Former PUD commissioner, Wayne King, remembered

King died at age of 81

Wayne King

Wayne King

GARDINER — Wayne King, who served 18 years on the Jefferson County Public Utility District commission before he retired in 2018 to focus on his first love of race cars, has died.

King died Feb. 22, shortly before his 82nd birthday on March 2, according to the Kosec Funeral Home in Port Townsend. The cause of death was not announced. No services had been set as of Friday, the funeral home said.

King’s wife, Peggy, of Gardiner, was not available for comment.

“Wayne was an instrumental part of our utility,” said Kevin Streett, PUD general manager, in a press release. “He was a big driver in getting us to where we are today and will be deeply missed.”

King was remembered at Jefferson PUD as being a leader when the PUD expanded services widely and for having a prominent role in the utility taking over electrical power provision, according to the release.

He was remembered in Bakersfield, Calif., his hometown, as an enthusiastic competitor in race cars and an original member of the Smokers Car Club, which started the March Meet in 1959, according to a story in the Bakersfield Californian.

When he retired from the PUD in 2018, King, who had built and raced Top Fuel dragsters across the nation, announced that he planned to spend time in his Gardiner hydraulic machine shop building race car motors and consulting on race car tuning.

“He likes to say we met at the track, but that’s not true,” his wife of 50 years told the Californian.

“I was with some friends who wanted to visit someone and he was in his garage working on his car . It was about March Meet time,” she was quoted as saying. “I knew nothing about dragsters, nor did I care.”

Peggy King told the newspaper that he was “a wonderful guy…. He was so much fun. As for his racing, I just knew he was really good at it.”

The two were married in 1970 and moved to Southern California, then Kent before settling in Gardiner, the Californian said. King told the Peninsula Daily News that his pioneer family had settled in Gardiner.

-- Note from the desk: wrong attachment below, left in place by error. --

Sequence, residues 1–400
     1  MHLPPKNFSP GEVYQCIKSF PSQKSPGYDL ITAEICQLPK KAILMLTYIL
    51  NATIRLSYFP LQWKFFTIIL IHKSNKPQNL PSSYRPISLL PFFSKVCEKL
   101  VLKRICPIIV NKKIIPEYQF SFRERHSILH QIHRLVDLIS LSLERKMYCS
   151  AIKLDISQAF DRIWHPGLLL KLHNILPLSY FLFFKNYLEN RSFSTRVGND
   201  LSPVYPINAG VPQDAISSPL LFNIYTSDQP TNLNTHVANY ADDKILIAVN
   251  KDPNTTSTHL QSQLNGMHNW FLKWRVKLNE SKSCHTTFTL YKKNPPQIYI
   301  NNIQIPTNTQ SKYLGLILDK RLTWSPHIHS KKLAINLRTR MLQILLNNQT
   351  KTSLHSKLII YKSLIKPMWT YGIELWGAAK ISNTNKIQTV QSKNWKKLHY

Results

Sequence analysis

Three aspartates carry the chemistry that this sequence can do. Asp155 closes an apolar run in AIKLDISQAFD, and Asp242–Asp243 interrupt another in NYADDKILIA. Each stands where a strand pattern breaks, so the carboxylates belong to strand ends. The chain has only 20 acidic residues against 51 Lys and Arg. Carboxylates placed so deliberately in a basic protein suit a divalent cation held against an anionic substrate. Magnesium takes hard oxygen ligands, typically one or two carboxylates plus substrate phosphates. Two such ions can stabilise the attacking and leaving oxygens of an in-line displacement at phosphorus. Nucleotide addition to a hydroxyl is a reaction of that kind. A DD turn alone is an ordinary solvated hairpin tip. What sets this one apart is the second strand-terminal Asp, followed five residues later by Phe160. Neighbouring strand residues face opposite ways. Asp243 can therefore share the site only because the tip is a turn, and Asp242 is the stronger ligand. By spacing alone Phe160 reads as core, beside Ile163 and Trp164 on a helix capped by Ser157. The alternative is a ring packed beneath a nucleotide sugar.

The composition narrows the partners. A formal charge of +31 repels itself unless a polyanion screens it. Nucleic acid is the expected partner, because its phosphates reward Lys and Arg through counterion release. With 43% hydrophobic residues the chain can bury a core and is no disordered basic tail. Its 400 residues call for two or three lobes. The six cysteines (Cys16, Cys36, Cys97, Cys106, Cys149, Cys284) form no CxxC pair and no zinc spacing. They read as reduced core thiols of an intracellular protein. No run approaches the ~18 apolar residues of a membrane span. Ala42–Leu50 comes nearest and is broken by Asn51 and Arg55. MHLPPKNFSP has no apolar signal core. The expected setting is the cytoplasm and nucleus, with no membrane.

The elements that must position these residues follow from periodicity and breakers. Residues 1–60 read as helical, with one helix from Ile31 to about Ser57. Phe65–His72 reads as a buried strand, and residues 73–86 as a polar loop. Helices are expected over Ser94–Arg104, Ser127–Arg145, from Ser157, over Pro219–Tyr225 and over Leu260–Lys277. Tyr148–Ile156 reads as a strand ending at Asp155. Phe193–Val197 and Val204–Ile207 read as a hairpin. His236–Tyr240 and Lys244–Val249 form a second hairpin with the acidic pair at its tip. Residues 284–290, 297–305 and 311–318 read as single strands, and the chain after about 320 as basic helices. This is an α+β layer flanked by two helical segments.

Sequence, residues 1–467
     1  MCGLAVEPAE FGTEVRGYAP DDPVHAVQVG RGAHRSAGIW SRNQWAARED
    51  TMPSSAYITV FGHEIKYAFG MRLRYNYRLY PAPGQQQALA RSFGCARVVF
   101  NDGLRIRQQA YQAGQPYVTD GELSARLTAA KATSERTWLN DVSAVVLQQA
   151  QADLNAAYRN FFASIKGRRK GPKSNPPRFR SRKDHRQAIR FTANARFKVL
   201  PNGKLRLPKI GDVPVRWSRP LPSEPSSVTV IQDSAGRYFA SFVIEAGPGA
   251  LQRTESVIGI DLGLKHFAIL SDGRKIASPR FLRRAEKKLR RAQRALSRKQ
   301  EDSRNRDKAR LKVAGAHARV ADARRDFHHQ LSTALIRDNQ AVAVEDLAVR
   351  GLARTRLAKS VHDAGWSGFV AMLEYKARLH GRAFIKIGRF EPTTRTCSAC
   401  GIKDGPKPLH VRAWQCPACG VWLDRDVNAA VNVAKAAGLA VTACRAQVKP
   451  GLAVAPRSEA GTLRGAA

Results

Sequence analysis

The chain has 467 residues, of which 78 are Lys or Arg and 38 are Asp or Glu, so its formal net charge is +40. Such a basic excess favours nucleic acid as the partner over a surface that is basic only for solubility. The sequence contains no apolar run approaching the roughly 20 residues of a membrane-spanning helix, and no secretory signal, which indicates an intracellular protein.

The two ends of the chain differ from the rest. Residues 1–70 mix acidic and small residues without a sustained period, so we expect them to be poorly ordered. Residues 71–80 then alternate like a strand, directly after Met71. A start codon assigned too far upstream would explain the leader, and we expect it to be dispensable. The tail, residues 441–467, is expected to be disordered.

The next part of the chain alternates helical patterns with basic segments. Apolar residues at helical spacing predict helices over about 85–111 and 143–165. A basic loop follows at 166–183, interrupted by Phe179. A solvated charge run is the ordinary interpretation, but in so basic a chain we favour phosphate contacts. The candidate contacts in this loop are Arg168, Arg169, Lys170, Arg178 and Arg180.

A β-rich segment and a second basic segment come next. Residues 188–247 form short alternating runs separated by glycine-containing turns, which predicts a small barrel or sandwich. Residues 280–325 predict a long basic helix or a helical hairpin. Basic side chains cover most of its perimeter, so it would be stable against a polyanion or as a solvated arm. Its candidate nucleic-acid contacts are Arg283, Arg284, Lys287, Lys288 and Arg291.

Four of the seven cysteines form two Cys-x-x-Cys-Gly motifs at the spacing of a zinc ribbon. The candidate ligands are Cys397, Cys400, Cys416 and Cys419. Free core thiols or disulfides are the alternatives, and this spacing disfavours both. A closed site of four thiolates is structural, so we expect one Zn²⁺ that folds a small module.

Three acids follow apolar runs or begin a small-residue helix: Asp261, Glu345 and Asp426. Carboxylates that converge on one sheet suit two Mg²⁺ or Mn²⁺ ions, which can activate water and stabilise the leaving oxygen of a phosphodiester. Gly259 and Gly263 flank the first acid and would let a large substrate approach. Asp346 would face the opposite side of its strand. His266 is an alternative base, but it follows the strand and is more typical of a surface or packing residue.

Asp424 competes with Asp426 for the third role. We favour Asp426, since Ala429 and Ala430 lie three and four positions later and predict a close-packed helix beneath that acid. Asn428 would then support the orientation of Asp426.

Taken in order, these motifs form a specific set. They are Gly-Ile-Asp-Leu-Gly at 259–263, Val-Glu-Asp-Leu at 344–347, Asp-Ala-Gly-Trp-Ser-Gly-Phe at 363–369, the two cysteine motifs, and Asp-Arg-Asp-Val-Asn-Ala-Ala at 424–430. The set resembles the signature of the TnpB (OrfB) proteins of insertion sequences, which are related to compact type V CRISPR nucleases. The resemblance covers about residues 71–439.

King was first elected PUD commissioner in 2000 at a time when the Jefferson PUD was strictly a water and wastewater utility. He represented the rural District 3 area through three terms in office.

He was on the board for the purchase/exchange of the City of Port Townsend’s Tri-Area water systems for the PUD’s Glen Cove system in 2001, a project that expanded PUD water service nearly four-fold, the PUD said in its press release.

“He played an important role in expanding water services to Marrowstone Island residents,” the PUD said.

”Piece by piece, King brought resources to his large district with water and sewer system connections for Kala Point and Beckett Point residents, to the acquisition of a struggling water system on the Toandos Peninsula .”

Dan Toepper, the present commissioner for District 3, remembered King as “a great mentor and an invaluable source of experience” who had encouraged him to run for the seat.

“King helped set the stage for purchase of the local grid from Puget Sound Energy, marking the first private-to-public utility infrastructure purchase in Washington State in 70 years,” the release said.

The public vote authorizing the PUD to acquire the power grid from Puget Sound Energy was in 2008.

“His efforts led to customer-owned electric utility services for 20,000 residents, but he didn’t stop there,” the release said.

“As a commissioner, King worked for modernization of the PUDs aging infrastructure with efforts to begin advanced meter buildout,” the PUD said.

His efforts helped to lay the groundwork for PUD broadband, the release said.

“He was without pretense, and you never had to guess what he was thinking,” said Kenneth Collins, commissioner for District 2.

“We enjoyed each other’s sense of humor, and I felt a genuine warmth for him at the time that he retired.”

Said the PUD: “Wayne King is remembered for his unwavering support and commitment for Jefferson County residents.”

When he retired, King told the PDN: “I’ve tried my damnedest to do what I’ve felt is the best for the people. I like to drive around to the back of the building and look at the inventory, the trucks. It overwhelms me…where we are now and where we came from. I think of the people who helped us get there.

“We’ve done a good job.”


Executive Editor Leah Leach can be reached at 360-417-3530 or at

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